Saturday, November 9, 2013

Book Review: The Haunting of Hill House

The Haunting of Hill House
Shirley Jackson

Ghost story

My Rating:


Four seekers have come to Hill House, a scary old abandoned mansion: Dr. Montague, an occult scholar who had been looking for an honestly haunted house all his life; Theodora, a lovely and lighthearted girl there mostly on a lark; Luke, the adventurous future heir of Hill House; and Eleanor, a strange and lonely woman well acquainted with poltergeists and other psychic phenomena. At first their stay seems destined to be merely a spooky encounter with inexplicable noises and slamming doors. But Hill House is gathering up powers and will soon choose one of them to make its own.
The Haunting Of Hill House is full of horror and mystification and a wit that mixes laughter with chills. Its publication in 1959 confirmed Shirley Jackson as a master at portraying the secret vagaries of the mind, and as a brilliant stylist capable of interjecting the conventions of horror with a psychological complexity not encountered since Henry James. "It is the character of Eleanor and Shirley Jackson's depiction of it that elevates The Haunting Of Hill House into the ranks of the great supernatural novels," Stephen King writes in the introduction to this exclusive Stephen King Horror Library edition. "Indeed, it seems to me that it and James's The Turn Of The Screw are the only two great novels of the supernatural in the last hundred years."


I first read this book in 6th grade but I can't remember much about it or if I even finished it. I loved ghost stories even then and perhaps it bored me then since I could get more thrill from an R.L. Stein or Christopher Pike book at that time.

I watched The Haunting when it came out (back when VHS was still a big thing) and I remembered the characters names at least and knew that it was based off of this book. I can say that the movie was one of my favorites for years since I've always had a thing for big, creepy old houses and ghost stories.

Now, re-reading the book seems a little... odd. I have the movie version stuck in my head so much that the book seems wrong. The characters (the main ones) are the same, as is the house (for the most part), and one or two scenes but otherwise, the movie didn't really follow the book at all. Instead, it drifted off into it's own little whirlwind of horror, which is admirable since if it had followed the book closely, no one would have wanted to see it. I hate to compare books to movies but with this one, I can't really help it. I was very disappointed in the ending because it didn't have any depth and turned out entirely unlike the movie and didn't even seem to have a bleak moment or climax.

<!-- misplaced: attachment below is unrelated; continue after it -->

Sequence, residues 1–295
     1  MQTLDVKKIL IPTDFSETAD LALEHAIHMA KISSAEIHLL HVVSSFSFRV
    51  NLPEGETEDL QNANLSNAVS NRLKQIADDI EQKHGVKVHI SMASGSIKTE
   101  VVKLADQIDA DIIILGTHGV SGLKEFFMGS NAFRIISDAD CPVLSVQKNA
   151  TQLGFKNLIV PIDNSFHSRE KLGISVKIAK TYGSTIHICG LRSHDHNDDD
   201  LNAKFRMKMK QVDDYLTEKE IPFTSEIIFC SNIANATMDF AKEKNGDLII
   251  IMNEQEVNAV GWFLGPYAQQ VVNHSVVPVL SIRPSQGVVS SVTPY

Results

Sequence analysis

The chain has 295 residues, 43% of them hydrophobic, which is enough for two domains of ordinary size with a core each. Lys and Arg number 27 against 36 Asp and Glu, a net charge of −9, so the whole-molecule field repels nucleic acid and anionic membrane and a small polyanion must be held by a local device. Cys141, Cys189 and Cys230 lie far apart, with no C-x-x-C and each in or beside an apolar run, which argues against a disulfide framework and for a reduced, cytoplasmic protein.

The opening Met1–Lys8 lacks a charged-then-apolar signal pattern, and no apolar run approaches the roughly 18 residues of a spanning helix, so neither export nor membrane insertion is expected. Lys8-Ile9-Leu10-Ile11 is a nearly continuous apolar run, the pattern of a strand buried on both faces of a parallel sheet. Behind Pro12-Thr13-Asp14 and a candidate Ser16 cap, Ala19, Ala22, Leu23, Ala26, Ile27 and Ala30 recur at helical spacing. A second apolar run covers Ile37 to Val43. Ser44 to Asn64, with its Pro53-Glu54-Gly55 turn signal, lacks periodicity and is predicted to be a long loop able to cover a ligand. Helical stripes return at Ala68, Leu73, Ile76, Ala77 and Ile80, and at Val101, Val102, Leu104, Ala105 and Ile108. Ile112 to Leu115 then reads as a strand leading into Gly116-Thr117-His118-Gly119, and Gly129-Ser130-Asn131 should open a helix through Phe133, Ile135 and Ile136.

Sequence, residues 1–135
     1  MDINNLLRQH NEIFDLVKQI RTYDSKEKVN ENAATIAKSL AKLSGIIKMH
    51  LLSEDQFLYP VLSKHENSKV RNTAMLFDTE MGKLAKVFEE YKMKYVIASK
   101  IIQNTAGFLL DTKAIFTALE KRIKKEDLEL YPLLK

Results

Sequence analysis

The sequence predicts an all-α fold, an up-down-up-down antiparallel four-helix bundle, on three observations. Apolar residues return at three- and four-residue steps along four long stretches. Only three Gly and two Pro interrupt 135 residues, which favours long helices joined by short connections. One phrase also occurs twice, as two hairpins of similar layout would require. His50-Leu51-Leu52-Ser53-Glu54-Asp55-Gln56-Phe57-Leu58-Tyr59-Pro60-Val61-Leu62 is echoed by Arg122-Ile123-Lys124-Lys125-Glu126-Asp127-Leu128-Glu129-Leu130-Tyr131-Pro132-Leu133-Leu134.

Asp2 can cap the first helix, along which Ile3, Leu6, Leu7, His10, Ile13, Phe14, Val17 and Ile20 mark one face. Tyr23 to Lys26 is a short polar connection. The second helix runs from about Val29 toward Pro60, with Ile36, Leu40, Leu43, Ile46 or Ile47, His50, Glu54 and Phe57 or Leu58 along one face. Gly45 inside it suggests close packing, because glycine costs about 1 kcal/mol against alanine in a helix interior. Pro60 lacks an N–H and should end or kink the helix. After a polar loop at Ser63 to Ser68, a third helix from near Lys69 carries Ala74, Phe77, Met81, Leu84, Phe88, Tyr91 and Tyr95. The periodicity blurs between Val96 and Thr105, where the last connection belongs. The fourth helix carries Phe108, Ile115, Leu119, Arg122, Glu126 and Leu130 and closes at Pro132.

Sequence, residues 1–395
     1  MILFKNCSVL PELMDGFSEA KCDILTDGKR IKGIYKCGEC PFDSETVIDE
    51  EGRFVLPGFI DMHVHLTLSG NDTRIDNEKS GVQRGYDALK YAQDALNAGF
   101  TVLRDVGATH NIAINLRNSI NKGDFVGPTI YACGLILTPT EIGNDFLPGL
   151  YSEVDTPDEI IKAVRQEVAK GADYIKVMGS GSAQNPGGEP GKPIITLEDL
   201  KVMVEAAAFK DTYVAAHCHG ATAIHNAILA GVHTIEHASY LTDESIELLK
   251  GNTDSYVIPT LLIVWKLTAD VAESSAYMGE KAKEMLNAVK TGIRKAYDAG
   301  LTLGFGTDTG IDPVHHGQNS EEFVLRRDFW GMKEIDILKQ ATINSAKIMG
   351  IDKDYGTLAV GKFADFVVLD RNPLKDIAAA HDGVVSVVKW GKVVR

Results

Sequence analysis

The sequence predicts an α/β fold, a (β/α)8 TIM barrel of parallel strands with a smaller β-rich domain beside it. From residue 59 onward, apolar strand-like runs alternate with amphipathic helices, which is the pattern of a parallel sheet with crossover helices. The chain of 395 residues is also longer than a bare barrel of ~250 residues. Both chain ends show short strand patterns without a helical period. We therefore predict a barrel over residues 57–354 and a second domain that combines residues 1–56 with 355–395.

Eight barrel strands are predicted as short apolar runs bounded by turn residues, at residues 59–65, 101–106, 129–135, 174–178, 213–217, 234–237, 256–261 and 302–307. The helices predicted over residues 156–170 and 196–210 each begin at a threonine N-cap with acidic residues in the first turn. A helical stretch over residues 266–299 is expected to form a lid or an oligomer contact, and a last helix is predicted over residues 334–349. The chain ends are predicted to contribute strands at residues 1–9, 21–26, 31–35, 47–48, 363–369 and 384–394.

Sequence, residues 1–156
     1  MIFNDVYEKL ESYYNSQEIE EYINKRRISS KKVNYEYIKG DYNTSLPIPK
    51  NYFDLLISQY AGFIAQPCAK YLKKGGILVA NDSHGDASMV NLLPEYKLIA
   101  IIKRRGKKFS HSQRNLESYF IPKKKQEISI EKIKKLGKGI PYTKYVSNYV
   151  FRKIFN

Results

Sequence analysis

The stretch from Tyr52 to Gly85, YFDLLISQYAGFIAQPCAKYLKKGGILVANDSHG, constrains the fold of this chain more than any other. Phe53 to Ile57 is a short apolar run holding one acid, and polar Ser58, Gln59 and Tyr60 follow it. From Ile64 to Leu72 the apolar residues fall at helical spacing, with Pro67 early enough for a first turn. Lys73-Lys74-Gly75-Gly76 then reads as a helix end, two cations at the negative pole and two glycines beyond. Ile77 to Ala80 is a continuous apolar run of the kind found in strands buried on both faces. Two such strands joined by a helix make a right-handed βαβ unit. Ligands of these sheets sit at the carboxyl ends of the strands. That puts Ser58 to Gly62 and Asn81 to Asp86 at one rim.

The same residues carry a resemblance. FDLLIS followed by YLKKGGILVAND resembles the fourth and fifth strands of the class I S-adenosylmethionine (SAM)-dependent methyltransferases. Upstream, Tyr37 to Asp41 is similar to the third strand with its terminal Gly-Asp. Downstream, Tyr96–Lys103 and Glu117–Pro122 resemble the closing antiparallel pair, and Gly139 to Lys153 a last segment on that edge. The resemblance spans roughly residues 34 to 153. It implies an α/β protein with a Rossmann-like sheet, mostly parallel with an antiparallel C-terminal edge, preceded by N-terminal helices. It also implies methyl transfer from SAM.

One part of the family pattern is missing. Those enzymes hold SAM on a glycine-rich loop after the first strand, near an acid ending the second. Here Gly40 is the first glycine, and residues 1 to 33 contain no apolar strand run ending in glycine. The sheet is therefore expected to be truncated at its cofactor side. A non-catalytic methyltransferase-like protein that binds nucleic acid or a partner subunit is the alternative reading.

As for the book on it's own: I wasn't particularly fond of the dialogue. The characters seemed to go on about the oddest things; as if they were old friends having a picnic in the park. Perhaps it was their way of making light of the situation but I couldn't help but think of them all as children. They could be talking about one thing and out of the blue, one of them would say something along the lines of, "I have red shoes." even though it didn't connect to anything they were saying.
I like cake. I changed a light bulb today. I want to go swimming. Giraffe tongues are a foot long.
Similarly, the 'arguments' were hard to discern because they came out of nowhere and were nothing I would really consider an argument at all. It was as if a 'negative force' was pitting them against each other, but the book never went into any dark strain of thought like that and never hinted at such.

So I can honestly say that if I hadn't previously had an inkling of the book and a predetermined opinion thanks to the film, I would have found this book to be quite lacking and boring. There were only two excerpts that I enjoyed and I guess those could be seen as the most climatic and 'paranormal'.
This was my 'Halloween' read for the year.

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